Investigators predict that participant's receiving the talking touchscreen will report high levels of comfort, less difficulty, and less nervousness. Investigators will evaluate statistical significance using a 99% confidence interval, rejecting the null hypothesis if this interval does not contain zero.

    The items will not be aggregated; each item will be analyzed separately.




Information from the National Library of Medicine

Choosing to participate in a study is an important personal decision. Talk with your doctor and family members or friends about deciding to join a study. To learn more about this study, you or your doctor may contact the study research staff using the contacts provided below. For general information, Learn About Clinical Studies.


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Ages Eligible for Study:   18 Years and older   (Adult, Older Adult)
Sexes Eligible for Study:   All
Accepts Healthy Volunteers:   Yes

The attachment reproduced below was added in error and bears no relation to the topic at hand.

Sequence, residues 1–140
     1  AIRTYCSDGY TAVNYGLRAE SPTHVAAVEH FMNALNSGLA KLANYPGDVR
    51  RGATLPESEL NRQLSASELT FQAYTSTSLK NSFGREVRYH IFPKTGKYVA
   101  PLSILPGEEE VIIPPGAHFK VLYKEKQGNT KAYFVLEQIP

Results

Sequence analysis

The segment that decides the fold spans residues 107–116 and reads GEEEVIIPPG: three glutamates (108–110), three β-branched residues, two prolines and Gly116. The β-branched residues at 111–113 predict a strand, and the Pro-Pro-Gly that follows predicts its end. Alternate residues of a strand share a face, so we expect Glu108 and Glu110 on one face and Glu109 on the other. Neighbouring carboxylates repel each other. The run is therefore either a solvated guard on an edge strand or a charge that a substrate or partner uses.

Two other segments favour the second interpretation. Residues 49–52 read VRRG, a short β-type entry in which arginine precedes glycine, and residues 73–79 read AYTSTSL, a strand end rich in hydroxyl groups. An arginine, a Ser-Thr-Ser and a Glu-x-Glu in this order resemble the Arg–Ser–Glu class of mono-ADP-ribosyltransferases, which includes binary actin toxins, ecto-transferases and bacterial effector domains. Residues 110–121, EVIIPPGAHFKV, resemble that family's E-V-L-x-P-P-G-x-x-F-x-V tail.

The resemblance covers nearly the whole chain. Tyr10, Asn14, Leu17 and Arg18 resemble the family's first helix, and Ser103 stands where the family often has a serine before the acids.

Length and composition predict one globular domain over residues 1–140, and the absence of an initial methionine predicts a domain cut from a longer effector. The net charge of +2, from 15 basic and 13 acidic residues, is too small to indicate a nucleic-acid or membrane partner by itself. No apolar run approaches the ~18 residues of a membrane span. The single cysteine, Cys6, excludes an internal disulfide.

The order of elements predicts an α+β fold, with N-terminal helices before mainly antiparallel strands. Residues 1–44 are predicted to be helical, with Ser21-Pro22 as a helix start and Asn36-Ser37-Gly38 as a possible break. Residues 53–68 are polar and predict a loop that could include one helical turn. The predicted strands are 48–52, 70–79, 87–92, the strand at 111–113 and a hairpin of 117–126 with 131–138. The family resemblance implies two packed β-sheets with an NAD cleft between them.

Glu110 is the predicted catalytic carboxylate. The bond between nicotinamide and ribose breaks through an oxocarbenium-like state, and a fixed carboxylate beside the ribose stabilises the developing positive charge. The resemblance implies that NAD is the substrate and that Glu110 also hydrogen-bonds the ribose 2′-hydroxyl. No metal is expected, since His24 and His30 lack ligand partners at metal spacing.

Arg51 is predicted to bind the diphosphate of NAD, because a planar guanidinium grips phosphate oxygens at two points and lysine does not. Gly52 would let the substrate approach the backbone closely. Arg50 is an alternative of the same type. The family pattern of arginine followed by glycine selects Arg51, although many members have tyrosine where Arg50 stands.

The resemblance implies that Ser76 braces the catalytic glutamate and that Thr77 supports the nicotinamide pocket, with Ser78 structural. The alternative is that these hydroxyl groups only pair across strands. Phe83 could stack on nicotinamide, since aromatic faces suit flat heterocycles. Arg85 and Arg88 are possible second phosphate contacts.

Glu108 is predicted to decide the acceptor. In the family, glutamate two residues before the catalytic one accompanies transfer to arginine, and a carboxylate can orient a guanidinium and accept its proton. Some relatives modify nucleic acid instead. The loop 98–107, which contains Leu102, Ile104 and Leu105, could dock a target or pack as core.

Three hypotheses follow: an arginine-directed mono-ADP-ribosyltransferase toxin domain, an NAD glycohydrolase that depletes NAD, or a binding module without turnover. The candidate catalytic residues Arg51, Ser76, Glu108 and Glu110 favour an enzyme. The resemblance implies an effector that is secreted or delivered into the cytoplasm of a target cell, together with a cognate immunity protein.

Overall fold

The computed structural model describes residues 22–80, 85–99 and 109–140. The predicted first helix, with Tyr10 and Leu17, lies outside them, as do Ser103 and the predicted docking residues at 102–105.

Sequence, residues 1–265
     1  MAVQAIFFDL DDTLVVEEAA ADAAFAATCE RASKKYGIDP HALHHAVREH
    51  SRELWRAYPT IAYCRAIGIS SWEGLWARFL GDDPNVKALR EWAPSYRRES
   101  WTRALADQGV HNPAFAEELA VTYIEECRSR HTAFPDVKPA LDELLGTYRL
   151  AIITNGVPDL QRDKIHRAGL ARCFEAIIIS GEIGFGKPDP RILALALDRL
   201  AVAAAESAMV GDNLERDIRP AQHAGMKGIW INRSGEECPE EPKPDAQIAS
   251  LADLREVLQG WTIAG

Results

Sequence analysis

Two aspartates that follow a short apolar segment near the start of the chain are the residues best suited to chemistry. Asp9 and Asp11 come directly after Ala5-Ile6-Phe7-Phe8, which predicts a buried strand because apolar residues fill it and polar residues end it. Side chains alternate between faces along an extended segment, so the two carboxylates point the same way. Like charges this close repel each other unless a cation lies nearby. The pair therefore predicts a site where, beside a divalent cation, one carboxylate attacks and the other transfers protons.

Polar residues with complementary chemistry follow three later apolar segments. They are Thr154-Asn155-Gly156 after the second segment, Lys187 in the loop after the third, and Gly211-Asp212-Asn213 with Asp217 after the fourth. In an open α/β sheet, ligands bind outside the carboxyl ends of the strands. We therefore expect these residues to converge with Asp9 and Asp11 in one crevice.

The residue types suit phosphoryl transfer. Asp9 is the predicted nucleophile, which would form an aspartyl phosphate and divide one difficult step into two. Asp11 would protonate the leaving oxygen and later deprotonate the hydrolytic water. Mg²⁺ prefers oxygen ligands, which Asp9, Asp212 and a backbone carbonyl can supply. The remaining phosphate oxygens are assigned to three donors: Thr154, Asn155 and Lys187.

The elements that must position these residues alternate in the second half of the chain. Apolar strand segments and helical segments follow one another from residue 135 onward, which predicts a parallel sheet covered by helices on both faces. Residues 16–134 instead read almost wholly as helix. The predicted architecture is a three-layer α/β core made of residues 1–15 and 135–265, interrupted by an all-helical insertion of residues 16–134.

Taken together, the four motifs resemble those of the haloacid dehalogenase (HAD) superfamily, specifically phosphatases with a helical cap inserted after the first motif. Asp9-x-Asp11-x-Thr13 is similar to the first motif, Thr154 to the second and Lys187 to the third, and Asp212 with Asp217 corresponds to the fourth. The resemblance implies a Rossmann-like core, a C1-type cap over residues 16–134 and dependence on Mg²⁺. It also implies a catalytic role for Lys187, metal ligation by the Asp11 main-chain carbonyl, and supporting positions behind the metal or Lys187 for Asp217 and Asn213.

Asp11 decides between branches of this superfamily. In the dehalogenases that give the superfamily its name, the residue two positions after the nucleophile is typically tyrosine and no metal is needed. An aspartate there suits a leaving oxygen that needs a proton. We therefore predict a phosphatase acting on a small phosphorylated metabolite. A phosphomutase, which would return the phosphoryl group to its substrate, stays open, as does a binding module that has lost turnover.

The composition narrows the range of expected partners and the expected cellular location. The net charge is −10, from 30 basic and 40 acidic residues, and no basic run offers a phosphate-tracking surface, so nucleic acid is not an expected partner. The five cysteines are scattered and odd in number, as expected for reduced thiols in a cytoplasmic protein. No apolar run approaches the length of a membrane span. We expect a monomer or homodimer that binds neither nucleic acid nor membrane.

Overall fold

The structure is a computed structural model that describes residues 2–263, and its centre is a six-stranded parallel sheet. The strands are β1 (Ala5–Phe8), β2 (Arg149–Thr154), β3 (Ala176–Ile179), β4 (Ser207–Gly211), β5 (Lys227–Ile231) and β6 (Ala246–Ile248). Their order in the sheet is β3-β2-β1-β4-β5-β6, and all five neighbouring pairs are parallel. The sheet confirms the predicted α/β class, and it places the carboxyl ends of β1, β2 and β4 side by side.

Criteria

Inclusion Criteria:

  • Be 18 years of age or older
  • Be willing to provide informed consent, including signing the consent form
  • Be willing to be randomized to administration method
  • Be willing to complete questionnaires and interviews
  • Be fluent in English and/or Spanish
  • Be willing to attend three face-to-face sessions
  • Have no plans to move out of the study area in the next six months

Exclusion Criteria:

  • Significant cognitive or neurologic impairment
  • Being a prisoner, detainee, or in police custody
  • Unable to complete the consent process
  • Inadequate vision to see study materials (worse than 20/80 corrected)
  • Inadequate hearing or manual dexterity to use the computer system

Information from the National Library of Medicine